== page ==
I’m continuing my way through Rainer Albertz’s History of Israelite Religion in the Old Testament Period, Volume II: From the Exile to the Maccabees.
My reading today concentrated on Israel’s post-exilic period, though I also got some into the Hellenistic Period. As with my reading yesterday, biblical diversity was a major theme in today’s reading. Albertz talked about the pre-priestly Pentateuch and the priestly-Pentateuch. For Albertz, the Deuteronomist had a significant influence on the pre-priestly Pentateuch (though the pre-priestly Pentateuch goes beyond Deuteronomistic ideology, in certain areas), which was nationalistic and xenophobic, yet which ended in a manner that did not anger the Persians—with the death of Moses, rather than the Conquest or the reign of Josiah. Whereas the Deuteronomist elevated ethics above the cult, P thought that the cult was very important—that the apostasy of the Golden Calf demonstrated Israel’s need for a cult as a means of atonement. For P, the cult, in addition to the obedience of the commandments, could repair creation and ensure God’s presence in Israel. According to Albertz, P also held that Israel had a mission for the world.
The issue of nationalism vs. universalism showed up in other arenas, as well. For a while, the Samaritans were invited to be a part of post-exilic Israel’s worship (see II Kings 17:41, which, for Albertz, implies such an invitation). But, as Judahites became concerned about intermarriage between their priests and Samaritans, and northern Yahwists experienced discrimination at the hands of post-exilic Jews who prized descent from Judah and Benjamin, Samaritans decided in the fourth century B.C.E. to establish a sanctuary at Gerizim. They picked that location on the basis of the importance of Gerizim in the Pentateuch (even as they rejected the important site of Bethel on account of its historical syncretism), and the sanctuary even had Zadokite priests. Ezra, Nehemiah, and Chronicles reflect some of the tension between Judahites and Samaritans, as Ezra and Nehemiah portray the Samaritans in a bad light, and Chronicles emphasizes the importance of Judah. The sanctuary at Gerizim was destroyed by John Hyrcanus in the second century B.C.E.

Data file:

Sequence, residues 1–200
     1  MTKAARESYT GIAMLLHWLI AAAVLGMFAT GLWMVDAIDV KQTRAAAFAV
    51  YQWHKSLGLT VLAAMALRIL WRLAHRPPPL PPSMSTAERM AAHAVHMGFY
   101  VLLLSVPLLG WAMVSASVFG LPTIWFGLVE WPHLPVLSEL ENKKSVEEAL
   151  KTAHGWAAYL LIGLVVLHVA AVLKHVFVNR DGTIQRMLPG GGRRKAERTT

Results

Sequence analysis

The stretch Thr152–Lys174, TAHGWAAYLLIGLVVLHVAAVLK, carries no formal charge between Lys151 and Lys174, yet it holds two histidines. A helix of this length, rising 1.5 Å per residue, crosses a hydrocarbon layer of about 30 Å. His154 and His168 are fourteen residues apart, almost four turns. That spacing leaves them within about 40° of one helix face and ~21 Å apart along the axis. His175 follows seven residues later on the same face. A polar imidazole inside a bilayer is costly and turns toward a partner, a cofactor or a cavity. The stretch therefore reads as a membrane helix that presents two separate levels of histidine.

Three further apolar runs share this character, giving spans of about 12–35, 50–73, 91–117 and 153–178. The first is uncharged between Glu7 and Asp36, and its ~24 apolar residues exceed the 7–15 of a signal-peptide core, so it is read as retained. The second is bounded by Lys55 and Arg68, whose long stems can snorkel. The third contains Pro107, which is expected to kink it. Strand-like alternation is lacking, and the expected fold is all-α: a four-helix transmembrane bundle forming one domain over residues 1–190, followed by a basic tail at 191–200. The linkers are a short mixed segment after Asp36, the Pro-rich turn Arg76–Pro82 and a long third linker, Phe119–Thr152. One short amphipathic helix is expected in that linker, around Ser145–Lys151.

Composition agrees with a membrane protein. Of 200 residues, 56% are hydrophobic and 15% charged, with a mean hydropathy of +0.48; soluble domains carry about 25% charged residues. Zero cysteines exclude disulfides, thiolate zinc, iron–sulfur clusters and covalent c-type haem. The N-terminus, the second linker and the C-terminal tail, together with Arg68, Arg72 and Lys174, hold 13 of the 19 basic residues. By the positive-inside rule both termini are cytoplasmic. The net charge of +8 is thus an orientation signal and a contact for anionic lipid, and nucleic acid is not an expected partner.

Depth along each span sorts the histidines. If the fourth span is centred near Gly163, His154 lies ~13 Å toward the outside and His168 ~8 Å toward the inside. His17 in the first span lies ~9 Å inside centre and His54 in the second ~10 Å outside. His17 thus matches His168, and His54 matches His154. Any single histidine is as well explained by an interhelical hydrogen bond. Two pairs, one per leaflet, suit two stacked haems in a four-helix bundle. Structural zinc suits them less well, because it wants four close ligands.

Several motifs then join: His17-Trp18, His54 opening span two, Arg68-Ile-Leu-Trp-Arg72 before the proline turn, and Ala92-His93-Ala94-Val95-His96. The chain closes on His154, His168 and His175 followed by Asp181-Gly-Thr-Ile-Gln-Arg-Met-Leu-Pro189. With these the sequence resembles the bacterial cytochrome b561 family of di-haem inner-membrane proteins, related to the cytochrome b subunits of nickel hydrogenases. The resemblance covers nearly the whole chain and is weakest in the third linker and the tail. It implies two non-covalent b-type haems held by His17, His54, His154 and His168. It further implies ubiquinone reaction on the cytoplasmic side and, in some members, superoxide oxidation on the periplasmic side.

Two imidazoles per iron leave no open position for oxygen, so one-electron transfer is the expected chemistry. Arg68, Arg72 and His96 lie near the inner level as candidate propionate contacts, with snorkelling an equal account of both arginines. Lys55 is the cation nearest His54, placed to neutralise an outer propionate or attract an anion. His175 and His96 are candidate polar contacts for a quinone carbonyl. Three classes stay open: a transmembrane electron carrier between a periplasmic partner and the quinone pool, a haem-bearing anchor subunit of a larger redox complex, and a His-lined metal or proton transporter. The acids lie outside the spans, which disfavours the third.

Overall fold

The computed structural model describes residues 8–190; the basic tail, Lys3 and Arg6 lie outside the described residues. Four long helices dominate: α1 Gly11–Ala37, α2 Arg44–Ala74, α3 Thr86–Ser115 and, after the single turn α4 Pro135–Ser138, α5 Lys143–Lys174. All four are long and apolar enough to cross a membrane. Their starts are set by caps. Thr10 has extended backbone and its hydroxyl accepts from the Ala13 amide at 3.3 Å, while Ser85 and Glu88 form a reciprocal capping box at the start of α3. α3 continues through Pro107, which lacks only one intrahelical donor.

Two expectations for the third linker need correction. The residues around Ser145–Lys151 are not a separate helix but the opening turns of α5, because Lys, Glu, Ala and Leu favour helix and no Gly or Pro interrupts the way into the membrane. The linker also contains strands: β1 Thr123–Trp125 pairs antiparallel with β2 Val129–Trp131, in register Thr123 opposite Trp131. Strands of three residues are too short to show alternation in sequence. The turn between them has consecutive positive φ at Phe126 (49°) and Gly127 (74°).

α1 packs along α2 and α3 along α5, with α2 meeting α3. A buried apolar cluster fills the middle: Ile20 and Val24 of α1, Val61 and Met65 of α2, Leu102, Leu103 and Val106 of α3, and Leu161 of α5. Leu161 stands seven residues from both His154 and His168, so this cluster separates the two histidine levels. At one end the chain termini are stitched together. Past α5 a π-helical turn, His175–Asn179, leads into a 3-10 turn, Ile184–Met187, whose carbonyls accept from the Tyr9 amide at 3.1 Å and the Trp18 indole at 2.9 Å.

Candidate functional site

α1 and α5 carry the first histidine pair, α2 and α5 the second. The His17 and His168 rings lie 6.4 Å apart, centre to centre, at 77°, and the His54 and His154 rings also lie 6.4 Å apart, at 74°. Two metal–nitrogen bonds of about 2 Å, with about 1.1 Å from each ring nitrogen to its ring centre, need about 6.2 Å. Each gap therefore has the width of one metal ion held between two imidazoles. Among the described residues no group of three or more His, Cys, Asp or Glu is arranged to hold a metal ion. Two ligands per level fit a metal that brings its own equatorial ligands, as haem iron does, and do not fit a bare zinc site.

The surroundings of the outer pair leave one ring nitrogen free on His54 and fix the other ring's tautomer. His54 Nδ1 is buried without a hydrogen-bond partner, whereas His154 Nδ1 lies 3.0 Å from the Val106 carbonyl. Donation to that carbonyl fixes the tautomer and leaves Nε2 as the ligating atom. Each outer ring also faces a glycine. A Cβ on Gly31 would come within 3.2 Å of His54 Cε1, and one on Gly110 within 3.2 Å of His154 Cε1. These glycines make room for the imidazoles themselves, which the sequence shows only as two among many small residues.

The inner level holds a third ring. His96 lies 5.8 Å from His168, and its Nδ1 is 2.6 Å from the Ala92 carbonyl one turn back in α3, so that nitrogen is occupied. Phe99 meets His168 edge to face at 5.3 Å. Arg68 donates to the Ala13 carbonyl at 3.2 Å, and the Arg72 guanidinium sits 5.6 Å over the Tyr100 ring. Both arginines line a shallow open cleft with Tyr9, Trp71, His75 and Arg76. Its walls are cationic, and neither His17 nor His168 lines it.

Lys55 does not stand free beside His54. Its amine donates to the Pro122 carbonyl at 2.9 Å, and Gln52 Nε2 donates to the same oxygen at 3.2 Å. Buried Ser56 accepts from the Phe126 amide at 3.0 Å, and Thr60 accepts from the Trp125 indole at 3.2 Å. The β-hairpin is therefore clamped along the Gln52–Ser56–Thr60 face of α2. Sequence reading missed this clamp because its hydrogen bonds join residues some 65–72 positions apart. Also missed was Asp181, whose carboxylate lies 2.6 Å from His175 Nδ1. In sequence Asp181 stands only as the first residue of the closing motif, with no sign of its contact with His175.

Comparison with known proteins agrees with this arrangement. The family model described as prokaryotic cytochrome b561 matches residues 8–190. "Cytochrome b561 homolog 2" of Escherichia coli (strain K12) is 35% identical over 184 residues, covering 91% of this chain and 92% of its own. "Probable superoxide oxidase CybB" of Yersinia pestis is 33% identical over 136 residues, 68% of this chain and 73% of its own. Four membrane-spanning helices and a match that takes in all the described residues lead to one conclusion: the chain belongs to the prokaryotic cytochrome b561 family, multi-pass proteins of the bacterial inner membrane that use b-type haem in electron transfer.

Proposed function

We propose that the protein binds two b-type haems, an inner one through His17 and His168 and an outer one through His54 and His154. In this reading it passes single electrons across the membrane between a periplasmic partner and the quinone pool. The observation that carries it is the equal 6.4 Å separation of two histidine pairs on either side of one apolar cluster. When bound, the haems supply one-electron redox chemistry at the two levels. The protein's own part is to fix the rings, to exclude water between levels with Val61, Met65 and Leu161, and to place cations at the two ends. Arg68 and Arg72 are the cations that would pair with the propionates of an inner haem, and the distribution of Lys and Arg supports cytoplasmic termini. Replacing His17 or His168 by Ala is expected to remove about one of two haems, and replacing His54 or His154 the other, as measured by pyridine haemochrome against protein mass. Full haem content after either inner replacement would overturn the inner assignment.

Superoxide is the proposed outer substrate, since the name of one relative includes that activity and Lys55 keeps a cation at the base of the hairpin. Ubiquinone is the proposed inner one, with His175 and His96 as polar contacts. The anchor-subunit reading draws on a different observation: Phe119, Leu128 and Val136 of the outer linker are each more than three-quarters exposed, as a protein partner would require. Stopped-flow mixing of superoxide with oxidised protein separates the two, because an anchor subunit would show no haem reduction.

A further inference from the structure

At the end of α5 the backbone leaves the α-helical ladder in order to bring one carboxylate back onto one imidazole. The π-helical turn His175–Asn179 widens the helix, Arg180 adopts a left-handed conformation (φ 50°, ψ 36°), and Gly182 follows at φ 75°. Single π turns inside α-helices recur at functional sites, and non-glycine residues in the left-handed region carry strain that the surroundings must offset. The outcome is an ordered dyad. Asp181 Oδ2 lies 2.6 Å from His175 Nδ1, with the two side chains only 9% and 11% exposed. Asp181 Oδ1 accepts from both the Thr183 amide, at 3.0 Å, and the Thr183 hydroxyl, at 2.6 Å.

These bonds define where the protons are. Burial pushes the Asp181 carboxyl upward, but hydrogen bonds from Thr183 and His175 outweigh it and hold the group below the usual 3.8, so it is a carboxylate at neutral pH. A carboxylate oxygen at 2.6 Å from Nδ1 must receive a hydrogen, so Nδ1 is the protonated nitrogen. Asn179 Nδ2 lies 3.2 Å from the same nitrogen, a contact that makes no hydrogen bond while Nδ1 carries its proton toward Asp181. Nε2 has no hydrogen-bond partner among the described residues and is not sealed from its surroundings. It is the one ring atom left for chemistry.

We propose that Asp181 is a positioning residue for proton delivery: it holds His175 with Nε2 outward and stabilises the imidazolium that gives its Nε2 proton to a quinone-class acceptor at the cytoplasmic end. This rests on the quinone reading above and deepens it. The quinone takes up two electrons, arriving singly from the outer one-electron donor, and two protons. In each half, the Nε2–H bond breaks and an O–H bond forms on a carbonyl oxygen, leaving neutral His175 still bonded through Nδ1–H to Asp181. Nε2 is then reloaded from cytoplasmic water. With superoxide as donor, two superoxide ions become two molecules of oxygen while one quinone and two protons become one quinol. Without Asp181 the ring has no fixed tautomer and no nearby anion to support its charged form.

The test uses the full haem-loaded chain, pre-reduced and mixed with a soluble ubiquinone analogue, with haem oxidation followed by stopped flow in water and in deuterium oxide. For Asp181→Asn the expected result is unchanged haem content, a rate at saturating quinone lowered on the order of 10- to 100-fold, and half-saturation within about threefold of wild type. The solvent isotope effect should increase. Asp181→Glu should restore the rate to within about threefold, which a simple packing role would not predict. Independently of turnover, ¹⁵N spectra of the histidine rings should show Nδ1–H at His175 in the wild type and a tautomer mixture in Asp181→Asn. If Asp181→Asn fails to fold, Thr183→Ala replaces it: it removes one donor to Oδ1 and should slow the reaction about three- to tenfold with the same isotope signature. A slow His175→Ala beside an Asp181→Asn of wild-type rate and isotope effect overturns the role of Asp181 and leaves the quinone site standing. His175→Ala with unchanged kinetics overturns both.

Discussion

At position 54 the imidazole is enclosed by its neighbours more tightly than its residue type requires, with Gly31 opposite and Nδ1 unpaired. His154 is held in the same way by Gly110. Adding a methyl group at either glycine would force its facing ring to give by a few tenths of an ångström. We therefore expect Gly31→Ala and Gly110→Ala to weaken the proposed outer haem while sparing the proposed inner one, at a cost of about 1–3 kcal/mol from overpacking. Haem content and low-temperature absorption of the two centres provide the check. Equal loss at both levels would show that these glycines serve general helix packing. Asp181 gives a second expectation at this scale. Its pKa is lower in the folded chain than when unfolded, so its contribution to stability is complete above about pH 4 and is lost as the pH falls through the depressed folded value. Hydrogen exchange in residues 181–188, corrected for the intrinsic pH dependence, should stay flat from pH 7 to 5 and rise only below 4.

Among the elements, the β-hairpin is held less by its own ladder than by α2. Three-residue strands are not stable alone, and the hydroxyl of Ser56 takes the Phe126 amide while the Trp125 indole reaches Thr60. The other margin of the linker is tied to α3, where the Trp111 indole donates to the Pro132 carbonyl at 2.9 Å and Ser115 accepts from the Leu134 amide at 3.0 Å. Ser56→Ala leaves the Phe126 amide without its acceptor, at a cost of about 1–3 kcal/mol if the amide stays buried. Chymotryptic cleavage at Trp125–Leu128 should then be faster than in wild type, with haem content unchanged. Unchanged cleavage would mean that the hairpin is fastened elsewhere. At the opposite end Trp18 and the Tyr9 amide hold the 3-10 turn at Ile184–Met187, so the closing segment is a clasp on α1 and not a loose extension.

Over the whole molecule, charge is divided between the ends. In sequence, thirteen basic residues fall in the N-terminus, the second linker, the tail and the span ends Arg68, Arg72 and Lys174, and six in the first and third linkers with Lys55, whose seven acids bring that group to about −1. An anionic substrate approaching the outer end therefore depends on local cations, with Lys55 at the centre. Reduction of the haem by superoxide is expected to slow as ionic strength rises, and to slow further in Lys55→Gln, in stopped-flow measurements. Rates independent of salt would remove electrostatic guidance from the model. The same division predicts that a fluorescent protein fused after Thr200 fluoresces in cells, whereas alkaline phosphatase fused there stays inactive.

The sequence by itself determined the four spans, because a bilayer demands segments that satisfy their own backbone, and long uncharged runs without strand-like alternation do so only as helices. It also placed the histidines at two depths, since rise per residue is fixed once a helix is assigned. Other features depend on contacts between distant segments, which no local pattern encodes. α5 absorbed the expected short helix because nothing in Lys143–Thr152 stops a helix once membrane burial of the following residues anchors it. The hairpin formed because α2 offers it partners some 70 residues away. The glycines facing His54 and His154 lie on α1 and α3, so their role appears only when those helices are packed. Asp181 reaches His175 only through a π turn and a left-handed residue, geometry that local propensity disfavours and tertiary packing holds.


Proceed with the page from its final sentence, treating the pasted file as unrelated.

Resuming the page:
Economic class played a significant role in Albertz’s discussion of biblical writers. For Albertz, wisdom writings such as many of the proverbs came from socially-conscious members of the upper class, who sought to encourage people to be concerned about the poor, both through generosity and also through avoiding oppression. But, although proverbs affirmed that God rewards the righteous, real life was not so neat, and so the story of Job exhorted righteous aristocrats that even rich people who care for the poor can suffer, and that righteousness should not be based on a desire for reward.
Albertz argues that the Books of Chronicles came from middle-class circles, for it demonstrates sympathy for the “lowlier cultic personnel” as well as exhibits a desire for harmony, “typical of members of the middle class of all ages” (page 553). But Albertz chides the Chronicle for failing to discuss social problems in Israel, which reflected a “lack of courage in the face of the upper class and lack of sensitivity to the suffering of the lower class” (page 556). According to Albertz, the Chronicler’s failure in this “last great Old Testament synthesis of Israelite religion” had devastating consequences, for the Chronicler did nothing to sensitize the Judean leadership “to the rising social conflict which exploded with bloodshed in the Maccabean period” (page 556). Albertz’s criticism of the Chronicler stands out, for my impression as I read this volume is that he generally has a charitable view towards biblical writers. For example, he says that the Zadokites and the Aaronides were exclusive, not just out of a desire for power, but out of a genuine concern for holiness. But, as I think back to Albertz’s first volume, he was critical there of Zion theology, which he disliked because it was anti-democratic, in comparison with other biblical voices.
Back to the issue of economic class, Albertz attributes certain heavily eschatological works (i.e., Third Isaiah) to lower class prophetic circles, which were not optimistic about any alleviation of the poors’ plight coming about through human means, and thus eagerly anticipated a dramatic intervention by God on their behalf. As far as I could see, Albertz does not discuss how a poor, marginalized group could produce documents. Was there anyone who would have been willing to sponsor it at the time, or could it have produced documents without a sponsor? When Albertz talks about the Hellenistic Period, however, he mentions Jews who had problems with the Hellenistic direction that Israel was going, and he argues that they included people from the upper-class. For Albertz, this was the source of later apocalyptic writing.
I’ll stop here.